Another day by the black waters of the poison river.
As morning dawns, the Yamuna, one of India's holiest rivers, meanderingdown from the icy Himalayas into the fertile northern plains, drawsthousands to its muck-clogged banks.
They have learned to live with the river, which is clean as it entersNew Delhi but becomes a roiling black current as it snakes throughIndia's capital, taking on sewage, pesticides and pollutants.
A decade after the Yamuna's pollution became a public concern, India'sSupreme Court is finally demanding that New Delhi state take action tosave the source of drinking water for some 60 million people.
In the last 10 years, the Yamuna has become the dumping ground for allconceivable waste in this city of 12 million people.
Each day, mountains of industrial waste and raw sewage from hundreds ofthousands of homes flow into the river through 19 massive drains.Hundreds of tons of waste from hospitals, slaughter houses, dairies andrestaurants are pumped into it.
According to some estimates, nearly half a billion gallons of wastespills into the Yamuna each day, as well as tons of pesticides from theneighboring farming state of Haryana, from which the Yamuna enters NewDelhi.
Many Indian rivers are considered holy. Hindus believe that taking a dipin their waters will cleanse them of sins.
But the Yamuna has become a health hazard.
According to Dr. Indira Khurana at the Center for Science andEnvironment in New Delhi, accidental ingestion of the river's water canlead to stomach ailments and hepatitis. Bathing in the more pollutedstretches causes rashes and infections.
But the biggest risk is from the liver-damaging pesticides that arewashed into the river from upstate.
Rudimentary effluent plants--which treat the water, but not to thepoint where it is drinkable--are not advanced enough to purify thewater of pesticides, which Khurana said weaken the body's immune system.
"There is also a greater risk of cancer and genetic defects, though nostudies have yet established the direct link between the water'spollution and these disorders," Khurana said.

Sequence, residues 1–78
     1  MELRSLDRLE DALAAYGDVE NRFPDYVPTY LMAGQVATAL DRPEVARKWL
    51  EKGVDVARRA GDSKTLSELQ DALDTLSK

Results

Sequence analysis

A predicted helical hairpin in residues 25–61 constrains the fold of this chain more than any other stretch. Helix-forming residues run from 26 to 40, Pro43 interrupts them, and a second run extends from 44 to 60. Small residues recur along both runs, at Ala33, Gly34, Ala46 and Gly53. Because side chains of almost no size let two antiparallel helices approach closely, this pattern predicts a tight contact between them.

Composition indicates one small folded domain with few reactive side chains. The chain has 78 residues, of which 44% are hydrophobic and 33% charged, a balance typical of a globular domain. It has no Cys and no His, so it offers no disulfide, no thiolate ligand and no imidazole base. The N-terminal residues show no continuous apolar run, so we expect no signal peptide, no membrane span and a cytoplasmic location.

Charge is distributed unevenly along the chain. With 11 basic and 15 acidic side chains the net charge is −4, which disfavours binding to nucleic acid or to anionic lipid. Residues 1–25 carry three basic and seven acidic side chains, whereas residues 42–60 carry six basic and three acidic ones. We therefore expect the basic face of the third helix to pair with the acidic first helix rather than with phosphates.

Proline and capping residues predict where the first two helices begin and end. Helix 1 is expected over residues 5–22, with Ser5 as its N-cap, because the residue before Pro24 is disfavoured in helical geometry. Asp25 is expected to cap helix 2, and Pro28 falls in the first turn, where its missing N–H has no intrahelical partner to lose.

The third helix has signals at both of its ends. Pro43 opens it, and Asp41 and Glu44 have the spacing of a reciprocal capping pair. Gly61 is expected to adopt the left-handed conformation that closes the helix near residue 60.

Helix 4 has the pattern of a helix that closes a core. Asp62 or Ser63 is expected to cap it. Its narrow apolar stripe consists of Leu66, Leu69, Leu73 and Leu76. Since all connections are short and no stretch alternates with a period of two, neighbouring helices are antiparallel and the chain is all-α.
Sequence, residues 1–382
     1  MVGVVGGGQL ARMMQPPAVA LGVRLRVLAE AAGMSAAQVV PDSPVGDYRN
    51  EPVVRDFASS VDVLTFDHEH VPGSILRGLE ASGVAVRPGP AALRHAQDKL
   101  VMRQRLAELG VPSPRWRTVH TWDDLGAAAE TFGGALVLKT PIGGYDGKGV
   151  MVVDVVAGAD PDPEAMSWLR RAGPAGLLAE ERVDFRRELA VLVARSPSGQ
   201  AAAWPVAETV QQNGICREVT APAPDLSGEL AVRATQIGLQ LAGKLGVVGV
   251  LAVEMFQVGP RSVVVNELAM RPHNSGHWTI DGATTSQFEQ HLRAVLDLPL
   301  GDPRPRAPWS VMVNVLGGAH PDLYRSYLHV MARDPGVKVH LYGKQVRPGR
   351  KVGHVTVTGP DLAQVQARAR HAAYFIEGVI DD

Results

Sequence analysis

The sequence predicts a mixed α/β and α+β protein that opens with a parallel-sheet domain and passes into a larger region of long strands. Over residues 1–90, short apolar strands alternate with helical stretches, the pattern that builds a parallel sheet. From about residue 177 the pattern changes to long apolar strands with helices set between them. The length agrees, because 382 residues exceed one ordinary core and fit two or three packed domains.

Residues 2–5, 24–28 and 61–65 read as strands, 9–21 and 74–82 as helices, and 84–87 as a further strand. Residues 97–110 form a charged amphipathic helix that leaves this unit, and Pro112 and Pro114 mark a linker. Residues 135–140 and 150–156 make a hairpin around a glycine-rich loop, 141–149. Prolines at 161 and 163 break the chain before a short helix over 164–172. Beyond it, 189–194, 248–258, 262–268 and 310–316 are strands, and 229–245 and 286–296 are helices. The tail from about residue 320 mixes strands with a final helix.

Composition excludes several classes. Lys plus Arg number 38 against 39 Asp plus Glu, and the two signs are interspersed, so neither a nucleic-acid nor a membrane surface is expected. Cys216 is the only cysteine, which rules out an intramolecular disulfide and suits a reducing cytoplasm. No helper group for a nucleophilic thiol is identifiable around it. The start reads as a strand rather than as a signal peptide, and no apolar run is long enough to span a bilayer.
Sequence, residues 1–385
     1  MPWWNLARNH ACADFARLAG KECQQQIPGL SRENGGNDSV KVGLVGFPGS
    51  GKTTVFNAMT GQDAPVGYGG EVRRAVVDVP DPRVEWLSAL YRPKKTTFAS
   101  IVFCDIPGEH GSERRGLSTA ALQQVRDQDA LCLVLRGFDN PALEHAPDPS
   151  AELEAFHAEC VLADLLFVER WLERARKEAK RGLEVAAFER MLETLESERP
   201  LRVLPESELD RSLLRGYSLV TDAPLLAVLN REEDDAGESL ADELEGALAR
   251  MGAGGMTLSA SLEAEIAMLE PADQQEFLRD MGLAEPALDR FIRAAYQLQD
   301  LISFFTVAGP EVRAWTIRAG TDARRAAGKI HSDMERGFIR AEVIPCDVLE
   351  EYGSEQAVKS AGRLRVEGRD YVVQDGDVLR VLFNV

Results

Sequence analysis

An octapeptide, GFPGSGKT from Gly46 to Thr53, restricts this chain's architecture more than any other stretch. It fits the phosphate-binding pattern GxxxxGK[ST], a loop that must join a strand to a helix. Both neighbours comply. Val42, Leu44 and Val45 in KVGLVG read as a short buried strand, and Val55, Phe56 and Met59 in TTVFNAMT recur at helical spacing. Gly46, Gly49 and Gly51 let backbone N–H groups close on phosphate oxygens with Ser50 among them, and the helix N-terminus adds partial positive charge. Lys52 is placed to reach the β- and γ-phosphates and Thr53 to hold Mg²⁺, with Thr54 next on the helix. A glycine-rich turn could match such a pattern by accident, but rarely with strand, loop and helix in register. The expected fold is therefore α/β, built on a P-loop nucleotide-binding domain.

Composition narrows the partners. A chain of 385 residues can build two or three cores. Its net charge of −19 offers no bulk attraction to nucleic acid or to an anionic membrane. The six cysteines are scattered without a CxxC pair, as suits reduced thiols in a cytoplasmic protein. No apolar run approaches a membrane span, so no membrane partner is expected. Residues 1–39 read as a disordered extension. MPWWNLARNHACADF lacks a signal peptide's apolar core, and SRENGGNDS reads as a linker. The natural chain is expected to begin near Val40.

Even the elephants that live by the river and earn a living for theirkeepers by performing at weddings and birthday parties are breaking outin rashes from the polluted water.
Still, many Hindus believe they can ward off death by bathing in theYamuna, named after the sister of Yama, the Hindu god of death.
Activists say successive governments are to blame.
"It's not the problem of a river. It's the problem of governance," said Sunita Narain, deputy director of the Center for Science andEnvironment, a think tank in the capital.
"Of the water that flows downstream, very little is river water. It'smainly all that comes from the drains,'' said Rajat Banerji, co-authorof a book on the Yamuna, "Homicide by Pesticide."
In 1995, the court ordered the government to build 16 sewage treatmentplants to clean the water that goes into the river. Only five have beenbuilt. But even those still have no network of sewage pipes linking themto local homes and businesses.
"The scandal is that the treatment plants were set up so badly--someare underutilized, some with over capacity," Narain said. "The plantswere not built to treat chemical waste, just biological waste."
In May, the Supreme Court criticized the government for its inaction andimposed a symbolic fine of $240.
"The government is criticized and sometimes justly," said ChiefSecretary P.K. Bhatnagar, the New Delhi state government's top official.
"We regard the Yamuna as a heritage of Delhi city. It has to bemaintained at any cost. Its glory as a sacred river has to berestored."
Under pressure from the court, the state government run by the Congressparty has promised several steps to fight the pollution.
Bhatnagar said the 16 sewage plants ordered by the court in 1995 will beready by June 2001.
Teams of government officials are raiding factories located by theYamuna and 3,000 have been served notice to stop polluting the river.Illegal slums built along the river are being uprooted.
Next on the hit-list are dairies, hospitals, slaughterhouses andrestaurants that empty their waste into the river.